The conduit 28 is also provided with a valve 30 accepts for regulating theflow. of: treating. agent; The right-hand end of helicoid IT, as seen in Fig. 1 ofthe drawings, isspaced a short. distance from the conduit 28 in order to prevent itfrom interfering with the movement of the particulate treating agent out of the interior of the vessel 10. The left-hand end of helicoid [1, however, terminates a sufficient distance inside of the end plate II to accommodate theimprovement of the present invention, which in the present case is a shield. comprising. a set. of. four broad-bladed propeller-type fins 32 secured to shaft [4, successive blades being spaced at substantially 90 degree angles to one another. The projected width of these blades or fins, as shown in Fig. 2 ofthedrawings, is preferablyonly slightly greater than the diameter of the inlet port from conduit 20, and the pitch of the blades is made relatively small so that they do not occupy too large a portion of the vessel. As shown in Fig. 1, the slope of the fins or blades is in the same direction as that of the helicoid l1.
In operation, rotation of shaft M, Ma rotates the helicoid IT in the direction of the arrows in Fig. 1, and the blades or fins 32 rotate in the same sense therewith. Solids entering via conduit 20 build up in vessel H3 about the blades 32 to a depth sufficient to permit them to roll over the shaft carrying the fins 32, which then deflect such solids away from the inlet opening, permitting more solids to enter by gravity. In other words, the blades 32 deflect the solids continuously away from the inlet port as they roll over the shaft so that the amount of solids allowed to enter is not restricted by the solids already in the vessel. While the device just described is provided with four blades, it is apparent that the same result can be achieved with more or fewer blades arranged in various ways, so long as the assembly operates to direct incoming solids away from the inlet port.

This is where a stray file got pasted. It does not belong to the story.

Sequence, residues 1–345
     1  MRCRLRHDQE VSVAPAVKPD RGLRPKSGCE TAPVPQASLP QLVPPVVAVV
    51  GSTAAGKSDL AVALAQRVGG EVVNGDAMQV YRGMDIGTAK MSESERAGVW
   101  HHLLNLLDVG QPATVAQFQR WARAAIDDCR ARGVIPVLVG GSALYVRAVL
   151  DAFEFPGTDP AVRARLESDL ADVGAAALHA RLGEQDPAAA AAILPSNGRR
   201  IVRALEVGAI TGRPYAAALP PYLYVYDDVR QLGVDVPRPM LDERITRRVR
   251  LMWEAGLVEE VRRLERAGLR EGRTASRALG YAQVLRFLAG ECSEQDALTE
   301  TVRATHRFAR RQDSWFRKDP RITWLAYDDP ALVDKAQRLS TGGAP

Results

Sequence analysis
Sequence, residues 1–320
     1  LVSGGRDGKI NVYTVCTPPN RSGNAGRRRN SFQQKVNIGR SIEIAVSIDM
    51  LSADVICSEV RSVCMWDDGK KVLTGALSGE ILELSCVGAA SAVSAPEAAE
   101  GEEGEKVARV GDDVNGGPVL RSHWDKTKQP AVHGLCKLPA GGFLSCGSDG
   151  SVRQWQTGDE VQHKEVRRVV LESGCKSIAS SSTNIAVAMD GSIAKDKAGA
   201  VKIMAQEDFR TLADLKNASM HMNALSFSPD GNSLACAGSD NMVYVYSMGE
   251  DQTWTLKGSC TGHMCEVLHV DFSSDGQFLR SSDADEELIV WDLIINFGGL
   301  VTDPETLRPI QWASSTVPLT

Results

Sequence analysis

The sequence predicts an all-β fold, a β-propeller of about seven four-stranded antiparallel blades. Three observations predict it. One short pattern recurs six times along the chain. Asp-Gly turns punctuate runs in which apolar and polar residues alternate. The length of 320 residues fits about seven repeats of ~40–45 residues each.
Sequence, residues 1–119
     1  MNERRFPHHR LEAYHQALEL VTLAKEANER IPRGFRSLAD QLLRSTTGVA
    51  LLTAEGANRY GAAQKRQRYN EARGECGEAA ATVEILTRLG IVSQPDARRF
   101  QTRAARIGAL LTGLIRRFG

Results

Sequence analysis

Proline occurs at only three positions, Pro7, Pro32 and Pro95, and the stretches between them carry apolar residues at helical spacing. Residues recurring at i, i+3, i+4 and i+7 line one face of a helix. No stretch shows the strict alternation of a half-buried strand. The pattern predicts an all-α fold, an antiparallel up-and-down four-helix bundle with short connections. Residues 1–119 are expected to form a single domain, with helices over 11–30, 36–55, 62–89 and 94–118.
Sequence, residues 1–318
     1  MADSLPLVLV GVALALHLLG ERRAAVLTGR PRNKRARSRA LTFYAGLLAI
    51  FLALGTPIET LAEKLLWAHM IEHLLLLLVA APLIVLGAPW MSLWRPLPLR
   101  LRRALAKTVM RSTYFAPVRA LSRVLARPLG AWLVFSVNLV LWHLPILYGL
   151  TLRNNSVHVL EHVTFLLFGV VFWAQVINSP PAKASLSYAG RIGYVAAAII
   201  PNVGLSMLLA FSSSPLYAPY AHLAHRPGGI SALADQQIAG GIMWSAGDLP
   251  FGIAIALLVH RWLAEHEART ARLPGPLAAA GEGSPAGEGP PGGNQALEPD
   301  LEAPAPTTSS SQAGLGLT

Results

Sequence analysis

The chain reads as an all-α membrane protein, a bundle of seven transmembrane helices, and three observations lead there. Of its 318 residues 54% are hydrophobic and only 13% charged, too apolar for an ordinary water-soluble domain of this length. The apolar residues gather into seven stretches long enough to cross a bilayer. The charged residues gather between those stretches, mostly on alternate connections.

Fig. 3 of the drawings illustrates diagrammatically a second form of the invention, comprising a stationary shield 3 fixedly secured about the periphery of the inlet port of the solids conduit 20. The lower forward edge of shield 34 is inclined as at 36 in the same direction as the pitch of the helicoid with which it is used, and while this form of the invention does not impart any forward motion to particles entering through the port, it does prevent such particles from rolling directly across the inlet opening and blocking the passage of more material into the vessel.
In Figs. 4 to 6 of the drawing there are shown three views of another stationary type of shield similar in application and position to the one shown in Fig. 3. In this instance, however, the shield 38, which is fixedly secured about the periphery of the inlet port, is inclined to the direction of the axis of the helicoid, and this sloping surface imparts some forward motion to the solid particles as they roll down across it.
As in the above-identified copending application, the apparatus of this invention is useful for a wide variety of chemical reactions wherein a fluid is contacted with a solid particulate treating agent. These include various hydrocarbon treatments, such as cracking, coking, desulfurization, hydrogenation, dehydrogenation, polymerization, isomerization, etc. of hydrocarbons, as well as chemical syntheses. The apparatus of the invention achieves uniform, intimate and efficient contact between the solid treating agent and the fluid to be treated, and at the same time minimizes grinding and pulverizing of the solid treat- 6 ing agent and weanand abrasion of the apparatus.
While there havebeen-disclosed herein certain exemplary embodiments-of the invention which have been found satisfactory solving the problem',.it is apparentthatmany other arrangements may be devised to provide for increasing the degree of loading of the vessel [0; in the presence of an inlet port of smaller diameter than that of the vessel itself, by reducing the tendency of thesolids already the vessel to block the ingress of additi'onal'solid'sdueto their rolling in front of saidinlet port, and all such arrangements as-falllwithinthe scope of the appended claims are considered a part of this invention.